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General Purpose PostScript Generating Utility

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7.5.5 P-Rules

A P-rule (Pretty printing rule), or rule for short, is a structure which consists of two items:

left-hand side
its source string, with which the source file is compared;

right hand side
a list of faced strings which will replace the text matched in the pretty-printed output. A faced string is composed of

Just a short example: `(foo, bar, Keyword_strong)' as a rule means that every input occurrence of `foo' will be replaced by `bar', written with the Keyword_strong face.

If the destination string is empty, then a2ps will use the source string. This is different from giving the source string as a destination string if the case is different. An example will make it fairly clear.

Let foobar be a case insensitive style sheet including the rules `(foo, "", Keyword)' and `(bar, bar, Keyword)'. Then, on the input `FOO BAR', a2ps will produce `FOO bar' in Keyword.

a2ps implements two different ways to match a string. The difference comes from that some keywords are sensitive to the delimiters around them (such as `unsigned' and `int' in C, which are definitely not the same thing as `unsignedint'), and others not (in C, `!=' is "different from" both in `a != b' and `a!=b').

The first ones are called keywords in a2ps jargon, and the seconds are operators. Operators are matched anywhere they appear, while keywords need to have separators around them (see section 7.5.3 Alphabets).

Let us give a more complicated example: that of the Yacc rules. A rule in Yacc is of the form:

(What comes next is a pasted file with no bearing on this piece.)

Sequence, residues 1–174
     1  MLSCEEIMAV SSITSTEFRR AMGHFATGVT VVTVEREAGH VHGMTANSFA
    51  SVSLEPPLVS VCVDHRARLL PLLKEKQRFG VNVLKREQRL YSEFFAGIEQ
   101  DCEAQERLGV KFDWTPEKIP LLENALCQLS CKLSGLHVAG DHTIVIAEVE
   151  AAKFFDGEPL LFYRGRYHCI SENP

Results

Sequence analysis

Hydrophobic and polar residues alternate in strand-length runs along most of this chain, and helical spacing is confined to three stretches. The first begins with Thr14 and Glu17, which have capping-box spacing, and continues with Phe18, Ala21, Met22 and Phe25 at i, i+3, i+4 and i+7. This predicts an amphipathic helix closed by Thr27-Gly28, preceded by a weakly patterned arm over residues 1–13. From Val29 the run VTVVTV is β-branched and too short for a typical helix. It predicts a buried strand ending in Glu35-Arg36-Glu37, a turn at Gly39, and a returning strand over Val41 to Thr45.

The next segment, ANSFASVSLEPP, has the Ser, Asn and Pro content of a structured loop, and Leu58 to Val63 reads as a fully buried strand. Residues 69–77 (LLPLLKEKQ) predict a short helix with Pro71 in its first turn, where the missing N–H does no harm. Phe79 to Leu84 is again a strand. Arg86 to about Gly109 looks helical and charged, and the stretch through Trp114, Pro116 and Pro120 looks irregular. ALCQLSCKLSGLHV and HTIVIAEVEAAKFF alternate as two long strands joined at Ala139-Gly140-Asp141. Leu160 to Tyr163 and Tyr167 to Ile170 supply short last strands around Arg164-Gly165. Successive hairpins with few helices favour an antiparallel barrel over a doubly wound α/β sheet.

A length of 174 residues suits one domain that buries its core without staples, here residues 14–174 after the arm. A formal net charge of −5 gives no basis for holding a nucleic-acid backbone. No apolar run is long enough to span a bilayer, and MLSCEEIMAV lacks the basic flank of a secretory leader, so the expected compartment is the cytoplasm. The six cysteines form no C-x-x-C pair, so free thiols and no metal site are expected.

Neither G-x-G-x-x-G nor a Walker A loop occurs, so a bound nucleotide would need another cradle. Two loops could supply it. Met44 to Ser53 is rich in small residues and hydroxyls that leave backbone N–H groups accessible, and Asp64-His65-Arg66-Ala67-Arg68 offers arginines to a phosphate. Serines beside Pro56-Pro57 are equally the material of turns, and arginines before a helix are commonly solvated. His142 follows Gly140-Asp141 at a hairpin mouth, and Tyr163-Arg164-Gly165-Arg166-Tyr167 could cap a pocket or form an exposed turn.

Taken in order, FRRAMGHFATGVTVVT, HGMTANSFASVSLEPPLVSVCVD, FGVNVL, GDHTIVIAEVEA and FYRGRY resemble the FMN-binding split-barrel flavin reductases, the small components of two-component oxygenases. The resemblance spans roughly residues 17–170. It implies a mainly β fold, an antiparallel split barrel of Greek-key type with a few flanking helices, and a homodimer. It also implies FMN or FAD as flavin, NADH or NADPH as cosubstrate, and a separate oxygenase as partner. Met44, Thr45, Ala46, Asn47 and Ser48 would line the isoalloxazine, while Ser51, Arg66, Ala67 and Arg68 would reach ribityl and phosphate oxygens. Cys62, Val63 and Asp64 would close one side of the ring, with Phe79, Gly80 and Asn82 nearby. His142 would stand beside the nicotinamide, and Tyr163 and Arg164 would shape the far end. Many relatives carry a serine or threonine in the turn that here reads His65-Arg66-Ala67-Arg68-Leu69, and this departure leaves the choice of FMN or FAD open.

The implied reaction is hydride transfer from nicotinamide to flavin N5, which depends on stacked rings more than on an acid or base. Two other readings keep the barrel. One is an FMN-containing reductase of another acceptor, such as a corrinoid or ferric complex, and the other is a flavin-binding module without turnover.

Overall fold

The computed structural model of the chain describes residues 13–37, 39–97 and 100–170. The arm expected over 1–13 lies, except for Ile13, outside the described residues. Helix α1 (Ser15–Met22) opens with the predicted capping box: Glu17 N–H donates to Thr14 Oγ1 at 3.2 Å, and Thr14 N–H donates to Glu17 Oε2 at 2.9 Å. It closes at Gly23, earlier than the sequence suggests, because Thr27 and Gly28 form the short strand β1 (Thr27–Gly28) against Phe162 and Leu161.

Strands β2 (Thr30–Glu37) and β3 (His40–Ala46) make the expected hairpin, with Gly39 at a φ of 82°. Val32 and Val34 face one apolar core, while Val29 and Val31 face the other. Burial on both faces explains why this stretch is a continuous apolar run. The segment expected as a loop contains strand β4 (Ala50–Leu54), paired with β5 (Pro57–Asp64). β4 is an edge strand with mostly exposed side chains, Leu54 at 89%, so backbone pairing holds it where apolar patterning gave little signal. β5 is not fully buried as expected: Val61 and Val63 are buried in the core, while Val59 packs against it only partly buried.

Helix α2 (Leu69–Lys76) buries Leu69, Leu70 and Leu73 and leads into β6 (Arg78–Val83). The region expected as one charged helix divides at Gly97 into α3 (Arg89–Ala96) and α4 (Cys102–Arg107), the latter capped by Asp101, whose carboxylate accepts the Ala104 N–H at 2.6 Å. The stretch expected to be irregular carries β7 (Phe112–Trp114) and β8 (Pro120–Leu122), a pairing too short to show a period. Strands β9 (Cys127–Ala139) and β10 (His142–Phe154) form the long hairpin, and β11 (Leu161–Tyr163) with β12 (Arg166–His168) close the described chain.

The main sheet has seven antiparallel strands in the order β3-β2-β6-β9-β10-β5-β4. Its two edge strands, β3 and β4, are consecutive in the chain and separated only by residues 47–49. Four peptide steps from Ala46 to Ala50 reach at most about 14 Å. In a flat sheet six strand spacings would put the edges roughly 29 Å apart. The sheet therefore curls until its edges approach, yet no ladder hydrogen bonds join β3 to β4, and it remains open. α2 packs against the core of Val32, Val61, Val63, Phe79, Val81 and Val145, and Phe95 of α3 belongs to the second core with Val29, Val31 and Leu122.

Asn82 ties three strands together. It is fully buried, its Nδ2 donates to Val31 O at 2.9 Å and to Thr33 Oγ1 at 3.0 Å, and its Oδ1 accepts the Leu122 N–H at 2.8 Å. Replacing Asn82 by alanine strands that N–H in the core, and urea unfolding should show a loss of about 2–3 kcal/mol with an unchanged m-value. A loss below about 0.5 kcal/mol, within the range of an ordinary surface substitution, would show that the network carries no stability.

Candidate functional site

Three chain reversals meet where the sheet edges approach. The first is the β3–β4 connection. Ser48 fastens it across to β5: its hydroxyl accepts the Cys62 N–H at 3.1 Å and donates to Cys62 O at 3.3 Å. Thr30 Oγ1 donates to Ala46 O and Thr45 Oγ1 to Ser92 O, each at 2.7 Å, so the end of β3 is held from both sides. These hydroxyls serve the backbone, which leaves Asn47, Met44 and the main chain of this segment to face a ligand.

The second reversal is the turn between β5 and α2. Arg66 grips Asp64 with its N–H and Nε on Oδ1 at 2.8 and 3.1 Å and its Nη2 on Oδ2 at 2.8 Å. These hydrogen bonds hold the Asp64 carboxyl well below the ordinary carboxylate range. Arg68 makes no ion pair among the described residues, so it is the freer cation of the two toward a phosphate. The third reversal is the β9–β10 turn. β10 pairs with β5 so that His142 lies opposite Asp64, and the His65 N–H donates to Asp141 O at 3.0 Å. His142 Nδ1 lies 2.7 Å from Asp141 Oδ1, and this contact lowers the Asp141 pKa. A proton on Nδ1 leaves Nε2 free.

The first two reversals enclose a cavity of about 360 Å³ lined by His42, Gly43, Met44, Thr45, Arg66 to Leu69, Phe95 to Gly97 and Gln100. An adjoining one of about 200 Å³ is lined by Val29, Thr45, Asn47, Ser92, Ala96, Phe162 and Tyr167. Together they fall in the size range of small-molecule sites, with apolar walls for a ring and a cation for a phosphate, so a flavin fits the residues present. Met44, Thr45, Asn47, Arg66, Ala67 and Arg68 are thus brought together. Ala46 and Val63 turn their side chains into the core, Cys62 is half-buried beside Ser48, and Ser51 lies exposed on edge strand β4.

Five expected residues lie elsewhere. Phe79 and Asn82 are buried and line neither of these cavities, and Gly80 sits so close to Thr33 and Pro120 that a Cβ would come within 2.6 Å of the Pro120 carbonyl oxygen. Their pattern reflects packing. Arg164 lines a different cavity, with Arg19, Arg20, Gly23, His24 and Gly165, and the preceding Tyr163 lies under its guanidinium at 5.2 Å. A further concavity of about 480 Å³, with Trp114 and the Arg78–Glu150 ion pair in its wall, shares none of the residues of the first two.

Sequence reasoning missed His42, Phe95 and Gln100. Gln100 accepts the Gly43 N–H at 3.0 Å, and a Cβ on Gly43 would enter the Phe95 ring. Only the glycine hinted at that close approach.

a_rule : part1 part2 ;

Suppose you want to highlight these rules. To recognize them, you will write a regular expression specifying that:

  1. it must start at the beginning of the line,

  2. then there is string composed of symbols, which is what you want to highlight,

  3. and a colon, which can be preceded by blank characters.

The regexp you want is: `/^[a-zA-Z0-9_]*[\t ]*:/'. But with the rule
/^[a-zA-Z0-9_]*[\t ]*:/, "", Label_strong

the blanks and the colon are highlighted too. Hence you need to specify some parts in the regexp (see section `Back-reference Operator' in Regex manual), and use a longer list of destination strings. The correct rule is
(/^([a-zA-Z0-9_]*)([\t ]*:)/, \1 Label_strong, \2 Plain)

Since it is a bit painful to read, regexps can be spread upon several lines. It is strongly suggested to break them by groups, and to document the group:
(/^([a-zA-Z0-9_]*)/    # \1. Name of the rule
 /([\t ]*:)/           # \2. Trailing space and colon
 \1 Label_strong, \2 Plain)

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